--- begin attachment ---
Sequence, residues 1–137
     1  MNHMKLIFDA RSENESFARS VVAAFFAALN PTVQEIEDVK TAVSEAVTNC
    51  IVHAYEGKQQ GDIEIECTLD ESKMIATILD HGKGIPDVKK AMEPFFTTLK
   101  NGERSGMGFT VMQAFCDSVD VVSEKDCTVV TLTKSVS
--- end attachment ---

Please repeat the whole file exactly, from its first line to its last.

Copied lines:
Sequence, residues 1–137
     1  MNHMKLIFDA RSENESFARS VVAAFFAALN PTVQEIEDVK TAVSEAVTNC
    51  IVHAYEGKQQ GDIEIECTLD ESKMIATILD HGKGIPDVKK AMEPFFTTLK
   101  NGERSGMGFT VMQAFCDSVD VVSEKDCTVV TLTKSVS